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Simulating Genesis Flood Cataclysm

Understanding the Physical Processes Responsible for the Genesis Flood Cataclysm

What’s Involved in this Research?

This project views the account of the global Flood cataclysm as described in Genesis 6-8 as actual history of our planet that unfolded only some five thousand years ago in a time span of only a year.

According to this account, all the air-breathing, land-dwelling life forms on earth perished, except for those saved on the ark. The absence of cataclysmic events between Creation and the Flood in the Biblical text argues strongly that all but the topmost portion of the earth’s fossil-bearing sediment record was a result of the Flood cataclysm. The discovery in the 1960’s that all the present-day igneous ocean crust had been generated after much of the continental fossil-bearing sediment record had already been formed has further major implications.

Using Computational Geophysics to Understand the Genesis Flood Cataclysm

This discovery logically implies that the thousands of miles’ worth of seafloor spreading responsible for today’s igneous ocean crust must also have unfolded during the Flood cataclysm.

The implication is that the Genesis Flood, in addition to involving heavy sustained rainfall and global inundation of the earth, also included rapid and large-scale plate motions that produced thousands of miles of continental displacement.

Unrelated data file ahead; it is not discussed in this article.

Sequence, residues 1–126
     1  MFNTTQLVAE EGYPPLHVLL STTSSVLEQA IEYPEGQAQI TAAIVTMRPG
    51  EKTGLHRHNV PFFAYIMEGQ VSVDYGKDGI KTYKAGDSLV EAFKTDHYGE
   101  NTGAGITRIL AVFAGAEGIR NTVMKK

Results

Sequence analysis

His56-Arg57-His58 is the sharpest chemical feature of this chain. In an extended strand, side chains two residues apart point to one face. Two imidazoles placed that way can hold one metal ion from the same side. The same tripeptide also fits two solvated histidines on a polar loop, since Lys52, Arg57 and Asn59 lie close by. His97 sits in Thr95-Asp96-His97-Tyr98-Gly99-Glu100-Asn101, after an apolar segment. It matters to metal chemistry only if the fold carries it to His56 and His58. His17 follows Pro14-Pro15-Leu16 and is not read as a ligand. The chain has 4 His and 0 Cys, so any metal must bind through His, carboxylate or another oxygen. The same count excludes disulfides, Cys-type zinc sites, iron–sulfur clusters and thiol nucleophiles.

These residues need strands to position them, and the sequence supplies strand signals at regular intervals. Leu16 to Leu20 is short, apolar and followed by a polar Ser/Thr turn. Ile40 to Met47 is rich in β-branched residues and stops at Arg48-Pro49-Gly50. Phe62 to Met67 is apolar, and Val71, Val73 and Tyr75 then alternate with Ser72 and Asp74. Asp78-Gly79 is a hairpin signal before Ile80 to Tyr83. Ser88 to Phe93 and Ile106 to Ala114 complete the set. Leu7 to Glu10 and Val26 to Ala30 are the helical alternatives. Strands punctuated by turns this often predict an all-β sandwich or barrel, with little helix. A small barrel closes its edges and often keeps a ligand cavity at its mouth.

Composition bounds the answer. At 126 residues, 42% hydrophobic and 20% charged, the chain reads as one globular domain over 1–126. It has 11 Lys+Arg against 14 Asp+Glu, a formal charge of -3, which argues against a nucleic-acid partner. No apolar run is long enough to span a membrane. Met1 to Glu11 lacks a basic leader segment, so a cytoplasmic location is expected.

This project seeks to apply the latest and most comprehensive observational data about the earth, including seismic studies of its interior and experimental data about how its minerals deform under stress, a state-of-the-art understanding of relevant physics processes, combined with state-of-the-art numerical modeling techniques in an earnest effort to understand and model the key physical processes responsible for the cataclysm.

Already it is clear that the well-established experimental finding that earth minerals weaken dramatically under stress must have played a key role in the cataclysm. Numerical simulation of this phenomenon demonstrates that this weakening behavior implies a latent instability exists within the earth. If suitable conditions arise, this instability leads to rapid plate motions and a complete resurfacing of the planet within only a few weeks’ time. Other numerical studies demonstrate that large tsunamis generated by rapid plate motions account for key aspects of the earth’s fossil-bearing sediment record.

Opportunities abound for applying these same methods to a multitude of other issues as to how the Flood so radically transformed the face of the earth not so long ago.


How Students Benefit

A student involved in this research benefits first by acquiring a significant depth and breadth of basic science knowledge, especially in physics. Our program also emphasizes expertise in computational modeling and numerical techniques to equip the student to represent the physical world and the physical laws that govern it accurately in terms of mathematics and then to apply this expertise to obtain robust quantitative descriptions of the way the real world operates.

Expertise in computational geophysics is earnestly sought after in a wide diversity of technical fields today.

Undergraduate students are applying a state-of-the-art computational package (called ABAQUS) to explore the detailed behavior of converging tectonic plates as they lock and unlock and generate large tsunamis under the high plate velocity conditions that operated during the Flood. Fellow Liberty University Research Professor Dr. Cho is expecting soon to have two graduate students investigating state-of-the-art material science issues in silicate minerals. The issues will relate to the experimentally observed weakening behavior that occurs under levels of shear stress that can exist in the earth’s mantle.